A Calgary-based technology company has developed an innovative, robust and scalable refrigeration/liquefaction technology for the liquefied natural gas (LNG) industry.
PTX Technologies Inc. says it’s focused on identifying, evaluating and developing commercial projects that can employ its innovative refrigeration technology to reduce capital, operating costs and improve overall project economics.
Colin Nikiforuk, president and CEO of PTX, said it has designed, constructed and commissioned a 500-usgpd (U.S. gallons per day) LNG pilot/demonstration facility about half an hour southeast of downtown Calgary in Rocky View County. It’s being used to test, validate and demonstrate the technology in action.
The company has a planned 90,000-usgpd Talbot Lake Regional LNG project in Northern Alberta under development, with commercial activity expected by 2020.
“The refrigeration technology that has been developed is not just for making LNG. We’re configured here in our pilot plant and the plans at Talbot Lake are to make LNG but the refrigeration technology is also suitable for other gas processing applications. So if you want to do deep cut, or shallow cut. Ethane or propane plus recovery. This is another refrigeration method to achieve that. There’s a multitude of applications for the refrigeration technology,” said Nikiforuk.
Nikiforuk said PTX is holding demonstrations this week at its pilot/demonstration plant. Companies or individuals interested in learning more can connect with him directly at email@example.com
The company says the modified absorption refrigeration process has achieved operating pressures as low as 5 kPa absolute, which results in the ammonia gas chiller operating temperatures as low as -75C.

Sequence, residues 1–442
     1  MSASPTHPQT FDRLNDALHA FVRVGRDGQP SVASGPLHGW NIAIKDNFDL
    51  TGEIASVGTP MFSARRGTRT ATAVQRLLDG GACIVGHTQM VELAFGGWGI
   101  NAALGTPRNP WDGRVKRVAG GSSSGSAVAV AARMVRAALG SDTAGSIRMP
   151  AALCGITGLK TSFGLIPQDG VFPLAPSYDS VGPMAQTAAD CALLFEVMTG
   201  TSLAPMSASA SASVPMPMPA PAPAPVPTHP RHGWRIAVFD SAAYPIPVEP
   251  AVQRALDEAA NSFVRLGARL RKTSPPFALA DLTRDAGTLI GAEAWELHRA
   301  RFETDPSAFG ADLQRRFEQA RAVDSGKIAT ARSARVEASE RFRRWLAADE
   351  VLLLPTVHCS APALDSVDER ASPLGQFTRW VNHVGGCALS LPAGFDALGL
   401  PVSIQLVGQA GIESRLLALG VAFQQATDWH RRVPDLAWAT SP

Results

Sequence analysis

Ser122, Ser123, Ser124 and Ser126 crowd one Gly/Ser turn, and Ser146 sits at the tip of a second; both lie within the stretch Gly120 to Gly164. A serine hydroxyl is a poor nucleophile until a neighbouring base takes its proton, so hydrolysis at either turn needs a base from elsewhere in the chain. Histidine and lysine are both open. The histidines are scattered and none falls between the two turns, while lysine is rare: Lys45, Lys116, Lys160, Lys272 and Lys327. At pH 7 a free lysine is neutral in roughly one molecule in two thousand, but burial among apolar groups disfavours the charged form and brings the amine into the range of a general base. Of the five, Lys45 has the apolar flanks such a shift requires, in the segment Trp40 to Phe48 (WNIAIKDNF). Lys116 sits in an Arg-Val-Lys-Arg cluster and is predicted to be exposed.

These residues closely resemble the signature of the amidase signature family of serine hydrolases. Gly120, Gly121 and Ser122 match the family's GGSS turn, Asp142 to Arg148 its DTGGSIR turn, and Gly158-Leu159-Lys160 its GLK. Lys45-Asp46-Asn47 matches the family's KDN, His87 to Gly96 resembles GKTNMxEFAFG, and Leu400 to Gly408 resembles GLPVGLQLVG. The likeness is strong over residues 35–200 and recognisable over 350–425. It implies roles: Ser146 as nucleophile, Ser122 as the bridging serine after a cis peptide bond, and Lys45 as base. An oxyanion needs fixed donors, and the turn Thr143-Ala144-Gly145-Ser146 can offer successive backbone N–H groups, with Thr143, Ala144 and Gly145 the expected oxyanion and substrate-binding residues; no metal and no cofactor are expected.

The applications include:
- LNG production;
- LNG reliquefacton onboard ships or land-based storage;
- gas processing refrigeration for ethane, propane and/or LNG recovery;
- air separation units;
- oil refineries can benefit from additional refrigeration, especially in alkylation units for reaction cooling, LPG recovery units and air-blower-limited FCC units;
- petrochemical complexes where a cold box or process chilling is required;
- mining or other industrial applications requiring cooling/refrigeration.
“We’ve done about as much as we can until we have an off-take secured. There are some mines in the southern Northwest Territories that are quite well advanced and we’re optimistic to secure one of those markets,” said Nikiforuk.
According to the company, since early 2015, Sonoma Resources Ltd., a wholly-owned subsidiary of Cool Ventures Inc., has funded the development of a patent pending that which has broad industrial application where refrigeration is utilized. This new process reduces the scope of overall mechanical rotating equipment required. And when compared to conventional refrigeration systems, it results in significant capital and operating cost savings.
In the fall of 2015, Sonoma decided to further examine whether the new technology could be applied to liquefy natural gas. The LNG configuration of this new process is referred to as the Dense Phase Liquefaction Cycle (DPLC). By the summer of 2016, the DPLC process was successfully tested by commissioning a small-scale pilot facility capable of producing 500 U.S. gallons per day of liquefied natural gas. The test results of the pilot facility were in close agreement with the simulated process design.
In March 2017, PTX Technologies Inc. was incorporated to formally establish a joint ownership position in the new technology with the inventor. The entire rights to the patent pending refrigeration technology and the LNG pilot/demonstration facility are now owned by PTX.
Sonoma has received regulatory approval from the Alberta Energy Regulator to convert its 100 per cent owned Talbot Lake natural gas facility to an LNG supply facility. PTX says the Talbot Lake site is an ideal location to supply LNG to remote mines and communities in Canada’s northern territories.
“We’ve done as much advancement of that project that we can. The Talbot Lake site was a producing natural gas facility. The original gas field that produced for about 25 years has been abandoned. The site is basically decommissioned and ready to become an LNG facility subject to getting an off-take that allows you to get project finance,” said Nikiforuk.
– Mario Toneguzzi for Calgary’s Business